Over on Pigs and Fishes, Avram Grumer takes exception to Meryl Yourish’s analysis of the dating potential of various superheroes. As he says, “…[I]t92s clear from her comments about Superman that she92s never read Larry Niven92s classic (and pre-Crisis) speculative essay, ‘Man of Steel, Woman of Kleenex‘.94
Before adding my own quibbles, let me invoke Meryl’s disclaimer:
Now, this may put me down in the Internet history books as both a comic book geek and a total freak, but hey, I can’t stop my mind from goin’ where it wants to go. Just because most comic fans are guys doesn’t mean that we girls can’t make lists like this, too.Yup. If there’s a female comics fan out there who’s never once thought about this, would she please raise her hand?
So, uh, I was thinking: What kind of dates would the various superheroes be?
First, I don’t know how Meryl feels about Lobo, but the question ought to have at least been addressed.
Second, Wolverine. Her superficial analysis:
Another bad boy. Yeah, we have that attraction to the bad boys. So what? And short? So’m I. I do have to wonder, though97would there be a snikt during the heat of passion? Could be extremely hazardous to your health. Or at least to the health of your bed. Best not use a waterbed.Not enough. There’s got to be another reason why he’s had more girlfriends than anyone besides Iron Man. Ever consider what that healing factor means to his recovery time? On the other hand, it could just be that he knows how to dance.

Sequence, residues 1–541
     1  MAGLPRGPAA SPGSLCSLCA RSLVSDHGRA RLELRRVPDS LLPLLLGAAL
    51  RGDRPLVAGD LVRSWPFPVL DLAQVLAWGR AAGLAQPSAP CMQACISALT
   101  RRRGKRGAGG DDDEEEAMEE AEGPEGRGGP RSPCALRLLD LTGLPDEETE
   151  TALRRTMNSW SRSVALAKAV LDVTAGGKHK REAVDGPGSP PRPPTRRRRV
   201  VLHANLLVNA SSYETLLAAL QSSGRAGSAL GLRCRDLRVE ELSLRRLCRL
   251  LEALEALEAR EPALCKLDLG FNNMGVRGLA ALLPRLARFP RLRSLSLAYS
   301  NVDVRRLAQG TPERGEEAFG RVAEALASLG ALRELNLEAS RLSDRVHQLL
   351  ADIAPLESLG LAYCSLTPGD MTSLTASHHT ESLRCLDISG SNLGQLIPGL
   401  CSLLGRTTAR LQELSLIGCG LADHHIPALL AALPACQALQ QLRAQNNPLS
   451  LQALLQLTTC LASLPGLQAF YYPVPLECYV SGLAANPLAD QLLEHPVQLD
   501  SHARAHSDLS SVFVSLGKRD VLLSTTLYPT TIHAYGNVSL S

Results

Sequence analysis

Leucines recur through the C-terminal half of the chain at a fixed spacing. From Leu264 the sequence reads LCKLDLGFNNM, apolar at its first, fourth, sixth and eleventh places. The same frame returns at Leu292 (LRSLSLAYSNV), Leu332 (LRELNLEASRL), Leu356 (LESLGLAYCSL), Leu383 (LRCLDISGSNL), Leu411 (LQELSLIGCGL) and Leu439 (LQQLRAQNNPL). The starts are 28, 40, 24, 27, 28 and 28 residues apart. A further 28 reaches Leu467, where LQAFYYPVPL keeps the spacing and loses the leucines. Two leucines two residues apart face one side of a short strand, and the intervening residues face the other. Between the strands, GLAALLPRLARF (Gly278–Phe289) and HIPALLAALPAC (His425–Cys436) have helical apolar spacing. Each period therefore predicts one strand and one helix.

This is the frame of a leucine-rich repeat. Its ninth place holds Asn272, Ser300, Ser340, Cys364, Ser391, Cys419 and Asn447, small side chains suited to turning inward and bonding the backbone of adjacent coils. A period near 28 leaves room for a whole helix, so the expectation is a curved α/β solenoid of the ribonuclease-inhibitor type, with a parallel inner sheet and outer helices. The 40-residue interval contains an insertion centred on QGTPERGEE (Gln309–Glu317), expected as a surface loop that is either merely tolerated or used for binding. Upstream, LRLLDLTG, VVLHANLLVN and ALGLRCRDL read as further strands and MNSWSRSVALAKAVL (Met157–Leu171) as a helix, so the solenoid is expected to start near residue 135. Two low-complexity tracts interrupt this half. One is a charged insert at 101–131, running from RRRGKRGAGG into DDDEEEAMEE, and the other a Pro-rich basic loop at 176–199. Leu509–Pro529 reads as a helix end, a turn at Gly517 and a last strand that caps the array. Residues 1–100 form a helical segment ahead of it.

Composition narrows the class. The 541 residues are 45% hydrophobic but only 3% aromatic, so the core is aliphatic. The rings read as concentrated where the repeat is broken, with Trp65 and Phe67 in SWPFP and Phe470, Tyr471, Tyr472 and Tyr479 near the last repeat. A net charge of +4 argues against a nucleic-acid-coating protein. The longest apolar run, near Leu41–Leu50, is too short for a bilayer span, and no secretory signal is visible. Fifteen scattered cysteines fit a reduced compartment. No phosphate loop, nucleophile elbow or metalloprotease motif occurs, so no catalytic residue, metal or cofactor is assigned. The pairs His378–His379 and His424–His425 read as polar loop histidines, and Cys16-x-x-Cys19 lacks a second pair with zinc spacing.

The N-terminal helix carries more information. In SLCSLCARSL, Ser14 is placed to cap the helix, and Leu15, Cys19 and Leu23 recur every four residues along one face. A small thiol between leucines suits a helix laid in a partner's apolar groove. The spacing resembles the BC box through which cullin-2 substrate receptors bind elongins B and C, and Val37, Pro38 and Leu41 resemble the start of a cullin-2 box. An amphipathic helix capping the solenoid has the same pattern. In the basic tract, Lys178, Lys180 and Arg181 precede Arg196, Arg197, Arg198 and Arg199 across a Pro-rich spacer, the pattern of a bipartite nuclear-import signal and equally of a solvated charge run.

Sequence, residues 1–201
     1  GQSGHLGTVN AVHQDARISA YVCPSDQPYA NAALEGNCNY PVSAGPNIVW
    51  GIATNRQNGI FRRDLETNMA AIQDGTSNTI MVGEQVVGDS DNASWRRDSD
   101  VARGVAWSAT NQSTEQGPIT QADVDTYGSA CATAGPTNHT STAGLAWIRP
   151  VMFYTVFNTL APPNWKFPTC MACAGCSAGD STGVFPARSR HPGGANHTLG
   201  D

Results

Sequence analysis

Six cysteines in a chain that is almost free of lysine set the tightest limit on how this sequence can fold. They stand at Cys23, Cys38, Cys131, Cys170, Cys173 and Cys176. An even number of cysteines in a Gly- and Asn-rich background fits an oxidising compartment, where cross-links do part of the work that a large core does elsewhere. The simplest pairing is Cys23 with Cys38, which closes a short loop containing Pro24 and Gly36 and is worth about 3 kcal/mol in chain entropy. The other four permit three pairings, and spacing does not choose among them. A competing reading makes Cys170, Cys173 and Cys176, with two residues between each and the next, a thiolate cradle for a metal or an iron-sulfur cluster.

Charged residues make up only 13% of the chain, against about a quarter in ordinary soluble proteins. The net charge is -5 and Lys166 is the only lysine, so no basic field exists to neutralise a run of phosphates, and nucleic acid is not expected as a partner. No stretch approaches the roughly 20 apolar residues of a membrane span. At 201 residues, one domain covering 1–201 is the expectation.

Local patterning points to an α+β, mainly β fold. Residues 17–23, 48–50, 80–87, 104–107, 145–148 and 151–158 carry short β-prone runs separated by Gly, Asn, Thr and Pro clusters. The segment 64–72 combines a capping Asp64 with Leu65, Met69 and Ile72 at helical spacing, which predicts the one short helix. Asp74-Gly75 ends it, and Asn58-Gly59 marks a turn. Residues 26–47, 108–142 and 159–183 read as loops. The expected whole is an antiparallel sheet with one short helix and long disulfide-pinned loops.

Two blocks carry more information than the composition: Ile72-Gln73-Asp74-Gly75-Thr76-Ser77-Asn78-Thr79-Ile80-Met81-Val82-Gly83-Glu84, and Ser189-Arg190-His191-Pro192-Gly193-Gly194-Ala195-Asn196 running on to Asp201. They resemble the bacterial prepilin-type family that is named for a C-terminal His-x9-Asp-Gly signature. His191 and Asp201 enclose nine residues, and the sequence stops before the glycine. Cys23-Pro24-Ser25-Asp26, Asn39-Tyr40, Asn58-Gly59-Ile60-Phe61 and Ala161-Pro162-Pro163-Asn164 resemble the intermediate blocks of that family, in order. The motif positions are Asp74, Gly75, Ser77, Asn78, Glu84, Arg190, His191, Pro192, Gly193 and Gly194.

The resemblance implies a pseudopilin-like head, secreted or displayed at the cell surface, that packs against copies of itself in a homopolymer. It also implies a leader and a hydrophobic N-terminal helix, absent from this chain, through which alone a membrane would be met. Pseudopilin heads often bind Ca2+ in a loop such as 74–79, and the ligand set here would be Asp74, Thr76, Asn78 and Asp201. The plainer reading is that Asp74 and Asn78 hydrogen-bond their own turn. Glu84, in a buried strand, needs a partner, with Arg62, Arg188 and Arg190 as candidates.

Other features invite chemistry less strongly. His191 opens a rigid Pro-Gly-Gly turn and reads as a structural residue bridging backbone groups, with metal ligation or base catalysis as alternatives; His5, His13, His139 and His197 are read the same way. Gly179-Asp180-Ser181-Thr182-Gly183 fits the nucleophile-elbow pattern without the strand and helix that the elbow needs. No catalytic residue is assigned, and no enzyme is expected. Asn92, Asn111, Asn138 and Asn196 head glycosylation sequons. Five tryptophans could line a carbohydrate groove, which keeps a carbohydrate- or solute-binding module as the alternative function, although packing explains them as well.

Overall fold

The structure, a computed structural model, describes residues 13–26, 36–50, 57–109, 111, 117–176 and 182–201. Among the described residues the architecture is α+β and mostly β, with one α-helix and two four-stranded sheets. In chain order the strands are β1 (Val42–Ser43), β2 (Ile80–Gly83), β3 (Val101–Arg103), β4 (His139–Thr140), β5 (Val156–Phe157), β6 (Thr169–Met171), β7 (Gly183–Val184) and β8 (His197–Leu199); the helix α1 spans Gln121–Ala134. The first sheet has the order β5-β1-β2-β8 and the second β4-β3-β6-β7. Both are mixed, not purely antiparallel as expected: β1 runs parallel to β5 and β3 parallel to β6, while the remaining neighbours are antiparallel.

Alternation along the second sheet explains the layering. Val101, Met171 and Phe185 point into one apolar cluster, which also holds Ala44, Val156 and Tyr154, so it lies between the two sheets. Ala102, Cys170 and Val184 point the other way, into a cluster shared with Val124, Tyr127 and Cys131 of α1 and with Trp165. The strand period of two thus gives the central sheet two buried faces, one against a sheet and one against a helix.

Third, she entirely overlooks Beast, the only superhero who talks like the people I normally hang out with. He’s kind and polite. He pays a lot of attention to his girlfriends. He’s also cheerful, inventive, energetic, inquisitive, and a techie; and without going into a lot of detail, let me assure you that that’s a fun combination.
Fourth, she only flags a couple of ‘em as being Jewish. Doesn’t she know that unless otherwise specified, all superheroes are assumed to be Jewish? This is an insight of Paul Krassner’s. He explained once in an interview that when he was a kid, he figured all superheroes were Jewish, because where he was growing up, if your name ended in “-man”, you probably were: Feldman, Feinman, Superman, Lieberman, Aquaman, Zuckerman, Iceman, Bergman, Sandman, Goldman, Silberman, Hawkman, Wolfman, Batman, Spiderman, Schneiderman—how much more obvious can you get?